The right to counsel originates from the Sixth Amendment of the U.S. Constitution. However, the original draft of the Constitution did not contain the Sixth Amendment or any other amendments that guaranteed individual rights. 


Although a fine blueprint for a Democracy, the original constitutional document spelled out only what the government could do but said nothing about what the government could not do. 


That is the way the Federalists wanted it—a “consent to be governed” document that applied only to white men who owned land and muskets. It did not protect Native Americans, women, slaves, free people of color, or non-white immigrants.


The Federalists today are represented by the National Republican Party, as evidenced by the vise-like grip the current Federalist Society has over the party. 


The original Federalist Papers were written by conservative founders James Madison (who became known as the “Father of the Constitution”), Alexander Hamilton, and John Jay. Federalist No. 84 specifically rejected the notion that the individual should have a “Bill of Rights” as a constitutionally recognized protection from unlawful governmental action.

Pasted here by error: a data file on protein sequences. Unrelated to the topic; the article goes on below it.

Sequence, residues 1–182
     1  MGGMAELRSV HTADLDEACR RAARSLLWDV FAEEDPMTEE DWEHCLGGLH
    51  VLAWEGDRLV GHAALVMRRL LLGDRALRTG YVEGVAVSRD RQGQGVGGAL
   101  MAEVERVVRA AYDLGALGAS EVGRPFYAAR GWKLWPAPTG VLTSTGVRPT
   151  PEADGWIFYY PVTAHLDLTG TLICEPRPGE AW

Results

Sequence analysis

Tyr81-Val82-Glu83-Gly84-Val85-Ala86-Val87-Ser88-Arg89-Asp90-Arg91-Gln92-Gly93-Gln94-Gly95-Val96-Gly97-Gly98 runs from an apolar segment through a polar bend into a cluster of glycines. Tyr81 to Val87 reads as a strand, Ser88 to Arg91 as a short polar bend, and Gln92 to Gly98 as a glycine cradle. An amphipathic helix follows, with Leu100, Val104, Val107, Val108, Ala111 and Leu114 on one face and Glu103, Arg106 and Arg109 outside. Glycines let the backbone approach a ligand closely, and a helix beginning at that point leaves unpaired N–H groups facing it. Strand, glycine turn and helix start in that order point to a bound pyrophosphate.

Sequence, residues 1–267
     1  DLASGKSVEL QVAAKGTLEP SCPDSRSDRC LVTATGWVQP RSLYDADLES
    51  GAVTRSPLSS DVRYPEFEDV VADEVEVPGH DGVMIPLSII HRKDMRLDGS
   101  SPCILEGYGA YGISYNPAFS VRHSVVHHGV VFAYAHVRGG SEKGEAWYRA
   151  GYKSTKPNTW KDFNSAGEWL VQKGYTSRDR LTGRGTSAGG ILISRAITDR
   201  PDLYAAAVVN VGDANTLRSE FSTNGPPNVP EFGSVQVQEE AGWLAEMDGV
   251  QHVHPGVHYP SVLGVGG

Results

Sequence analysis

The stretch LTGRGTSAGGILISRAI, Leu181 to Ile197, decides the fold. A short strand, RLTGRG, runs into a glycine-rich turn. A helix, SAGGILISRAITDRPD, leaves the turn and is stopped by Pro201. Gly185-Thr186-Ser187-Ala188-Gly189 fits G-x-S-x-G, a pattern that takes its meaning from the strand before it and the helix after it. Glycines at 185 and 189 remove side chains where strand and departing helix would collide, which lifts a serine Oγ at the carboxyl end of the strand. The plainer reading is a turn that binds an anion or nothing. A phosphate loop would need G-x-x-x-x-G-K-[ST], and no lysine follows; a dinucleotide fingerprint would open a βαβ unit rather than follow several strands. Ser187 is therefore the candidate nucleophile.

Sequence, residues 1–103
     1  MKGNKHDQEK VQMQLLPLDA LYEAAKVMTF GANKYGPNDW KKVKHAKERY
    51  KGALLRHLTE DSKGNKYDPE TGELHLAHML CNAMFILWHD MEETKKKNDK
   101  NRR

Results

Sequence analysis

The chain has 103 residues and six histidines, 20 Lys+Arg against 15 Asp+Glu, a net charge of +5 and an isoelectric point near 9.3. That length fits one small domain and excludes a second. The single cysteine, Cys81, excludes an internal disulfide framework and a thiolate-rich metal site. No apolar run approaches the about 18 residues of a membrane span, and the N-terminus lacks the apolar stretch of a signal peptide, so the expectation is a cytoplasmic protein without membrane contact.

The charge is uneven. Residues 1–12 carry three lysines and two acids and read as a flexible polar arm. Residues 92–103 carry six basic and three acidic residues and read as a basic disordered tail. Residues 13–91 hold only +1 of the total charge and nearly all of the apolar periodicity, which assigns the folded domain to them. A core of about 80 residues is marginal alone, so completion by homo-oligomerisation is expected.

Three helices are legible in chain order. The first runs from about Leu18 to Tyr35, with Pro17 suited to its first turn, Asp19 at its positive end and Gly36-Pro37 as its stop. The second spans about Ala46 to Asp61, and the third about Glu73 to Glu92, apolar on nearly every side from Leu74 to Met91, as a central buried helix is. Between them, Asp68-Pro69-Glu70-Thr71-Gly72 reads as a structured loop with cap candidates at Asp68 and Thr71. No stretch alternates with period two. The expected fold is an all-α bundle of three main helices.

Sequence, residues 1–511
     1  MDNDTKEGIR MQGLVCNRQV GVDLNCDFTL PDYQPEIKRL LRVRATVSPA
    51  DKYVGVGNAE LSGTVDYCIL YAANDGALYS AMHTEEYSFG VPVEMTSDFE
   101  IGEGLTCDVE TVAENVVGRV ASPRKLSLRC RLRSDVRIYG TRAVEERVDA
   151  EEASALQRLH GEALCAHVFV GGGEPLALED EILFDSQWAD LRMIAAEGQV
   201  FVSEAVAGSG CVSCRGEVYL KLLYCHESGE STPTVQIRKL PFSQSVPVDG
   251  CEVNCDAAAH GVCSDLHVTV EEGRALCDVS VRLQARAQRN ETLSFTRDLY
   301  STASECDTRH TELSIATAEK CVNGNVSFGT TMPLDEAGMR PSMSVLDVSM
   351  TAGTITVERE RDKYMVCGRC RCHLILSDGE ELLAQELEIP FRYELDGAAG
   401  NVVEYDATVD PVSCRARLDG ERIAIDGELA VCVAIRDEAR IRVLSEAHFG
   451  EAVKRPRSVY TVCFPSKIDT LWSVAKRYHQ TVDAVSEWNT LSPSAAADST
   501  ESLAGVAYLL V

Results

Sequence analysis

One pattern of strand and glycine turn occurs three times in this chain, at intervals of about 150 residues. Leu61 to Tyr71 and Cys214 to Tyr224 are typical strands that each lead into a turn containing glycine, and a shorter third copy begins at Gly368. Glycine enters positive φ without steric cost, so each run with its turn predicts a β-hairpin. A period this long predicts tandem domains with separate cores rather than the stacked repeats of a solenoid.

The anti-Federalists, the “liberals” of 1787 led by Thomas Jefferson and Patrick Henry, strongly believed and fought to secure the inclusion of the Bill of Rights (the first ten amendments) into the U.S. Constitution. 


Thus was born the Sixth Amendment right to counsel. 


But in 1883, the Supreme Court in Barron V. Baltimore shot down the notion that this right or any of the other Bill of Rights applied to the states. Writing for the Court’s majority, Chief Justice John Marshall, an influential Federalist advocate, stated that the Bill of Rights amendments “contain no expression indicating an intention to apply them to the State governments.”


Even today, three Federalist-minded Supreme Court Justices—Clarence Thomas and Neil Gorsuch— believe the Court should overrule, or scale back, the right to counsel for indigent defendants now guaranteed by the Sixth Amendment.   


14th Amendment Ratified


Fortunately, 35 years after the Barron decision and three years after the Civil War, the Fourteenth Amendment was ratified. The amendment states: 


“No State shall make or enforce any law which shall abridge the privileges or immunities of citizens of the United States; nor shall any State deprive any person of life, liberty, or property, without due process of law, nor deny to any person within its jurisdiction to equal protection of the laws.”


Still, it was not until 1926—nearly six decades after the ratification of the Fourteenth Amendment—that the Supreme Court recognized in Herbert v. Louisiana that the due process provisions contained in the amendment made the Bill of Rights applicable to the states.